Though being the newest member to the Sumo and Stogies clan, ol’ Dick certainly isn’t a novice when it comes to appreciating the finer points of a dram. Perhaps shocked isn’t the right word, but I was certainly a little taken back at how he keenly called into question my abilities to distinguish between a cheap Japanese disinfectant (Nikka Black Clear) and the superior Glenlivet! (check the battle here). Aye, Dick Montana is one cheeky squire!
So I thought I would get him back by playing him at his own game: Head to Head. Yes, I bring you the second in our series of whiskey comparisons. First let me introduce the whiskies and why I chose them:
Glass # 1) Clynelish 14yr Coastal Highland Single Malt, 46% ABV. Price – around $50
Glass #2) Fujisanroku 50 ° (富士山麓). A blended whiskey out of Kirin Distillery, 50% ABV. Price – around $10
Clynelish is a relatively new love of mine with its bold sea salt taste. However, it also boasts a hefty price, which makes it difficult to enjoy regularly. After a while without my Clyneish fix, I stumbled upon the Fujisanroku and thought “damn! This could be a nice cheap alternative to the Clynelish”. Now, with about two months apart between tastes, I may be forgiven for possibly seeing similarities where there were none. But at least this gave good grounds for enticing this debate. Let’s see how Montana handles himself.
Remember at this point, good ol’ Dick has no idea which whiskys are in glasses 1 and 2…
#1 is certainly lighter. To an untrained eye, the #1 might look like the inferior spirit as one normally expect the colour to develop with age. However from my experience this isn’t necessarily the case – take an ardbeg or an octomore (review); they have almost no colour, but the peat could kill you! Also, I think we were both a little shocked at the last head to head! So at this point, I reckon 1 is the Clynelish, and 2 the Fujisan.
1) I’m getting big alc. Sea salt, not much fruit and it’s a little floral. Almost grassy and a hint of wood (still assuming he means the nose here, haha).
2) Completely different! It’s sweet with strong licorice notes. I’m thinking Christmas cake, perhaps a little honey. Zero peat and smoke.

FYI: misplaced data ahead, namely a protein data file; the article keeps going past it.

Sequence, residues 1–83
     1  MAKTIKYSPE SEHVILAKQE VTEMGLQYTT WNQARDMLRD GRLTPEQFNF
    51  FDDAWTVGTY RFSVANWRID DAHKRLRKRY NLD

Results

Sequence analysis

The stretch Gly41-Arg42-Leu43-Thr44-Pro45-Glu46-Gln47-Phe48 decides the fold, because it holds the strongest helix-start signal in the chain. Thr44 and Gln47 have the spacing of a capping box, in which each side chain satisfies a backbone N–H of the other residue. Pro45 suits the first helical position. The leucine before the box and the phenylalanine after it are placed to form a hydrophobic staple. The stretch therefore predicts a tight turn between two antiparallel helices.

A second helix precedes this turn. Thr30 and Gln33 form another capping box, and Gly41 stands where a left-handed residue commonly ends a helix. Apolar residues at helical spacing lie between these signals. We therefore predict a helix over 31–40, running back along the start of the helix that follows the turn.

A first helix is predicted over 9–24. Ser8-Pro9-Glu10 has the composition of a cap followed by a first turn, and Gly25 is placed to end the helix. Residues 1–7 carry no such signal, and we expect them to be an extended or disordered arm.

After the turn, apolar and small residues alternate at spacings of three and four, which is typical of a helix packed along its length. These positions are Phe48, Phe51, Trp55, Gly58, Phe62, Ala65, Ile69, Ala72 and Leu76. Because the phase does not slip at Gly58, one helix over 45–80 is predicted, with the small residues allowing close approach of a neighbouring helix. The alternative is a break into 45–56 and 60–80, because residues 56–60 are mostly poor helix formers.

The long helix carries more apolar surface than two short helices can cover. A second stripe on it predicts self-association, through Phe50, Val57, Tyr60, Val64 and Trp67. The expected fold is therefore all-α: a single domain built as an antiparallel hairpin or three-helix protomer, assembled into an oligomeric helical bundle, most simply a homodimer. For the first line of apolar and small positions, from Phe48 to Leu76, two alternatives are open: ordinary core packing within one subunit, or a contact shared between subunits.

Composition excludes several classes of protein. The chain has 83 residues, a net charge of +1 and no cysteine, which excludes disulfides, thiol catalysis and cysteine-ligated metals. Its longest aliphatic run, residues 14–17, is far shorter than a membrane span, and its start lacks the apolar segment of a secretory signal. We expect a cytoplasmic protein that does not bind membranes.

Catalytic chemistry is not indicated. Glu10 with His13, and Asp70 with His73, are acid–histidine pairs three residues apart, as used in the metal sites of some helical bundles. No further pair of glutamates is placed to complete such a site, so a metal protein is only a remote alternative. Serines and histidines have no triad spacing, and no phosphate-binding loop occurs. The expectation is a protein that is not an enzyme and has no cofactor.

He starts with no. 2
#2) Only a slight alcohol taste up front. Kinda mild, but with character. When I swallow, it’s definitely complex. The finish is the best thing about this. Sweet licorice, tongue numbing and a drier finish. My current judgement, it’s decent. But perhaps too complex as a finish, the flavours explode in all directions and I feel like a high alcohol content is being used to mask some big imperfections. (Takes another gulp) A touch of sherry then – Bam! with a strong hit of liquorice in my balls, it’s almost like a bourbon, and as you know, I am not a big fan of bourbon.
#1) On the 2nd nose, it’s a little sweeter (as me dad always says, the second is always a little sweeter than the first). Sweet honey tongue. Comparatively smoother going down and not as dry. In fact, it has an oily mouth feel. Salt taste, with a good perfect burn that is not as stingy. Slighty fruit, salt, wood… I wanna say salty molasses – yet with fresh pears?
So for the verdict. I would say no.1 is the Clynelish, and no. 2 is the Fujisan, and I’m about 75% certain. Number two is a lot harder to go down, and too complex, whereas one is a lot more accessible to its flavours.
Well, there you go – he’s right! Was hoping I would catch him out, but there’s always the next round.
Feeling somewhat jealous, I of course couldn’t go by without having a tipple
meself. Once Dick mentioned a bourbon flavor in the Kirin, I completely fell into agreement. However, I didn’t get any of the strong liquorice taste that he was ranting about. As for the Clynelish, the only thing I would add to Monatana’s assessment is a sort of ‘salt toffee’ hint to the nose and that the sea-salt of this dram allows you to picture, taste, and imagine the coastal landscape at which this whiskey was distilled…
Stay tuned for our next Head to Head- Talisker 10 Y.O. vs. Tory’s Blended Whisky.
L. Bertrum, D Montana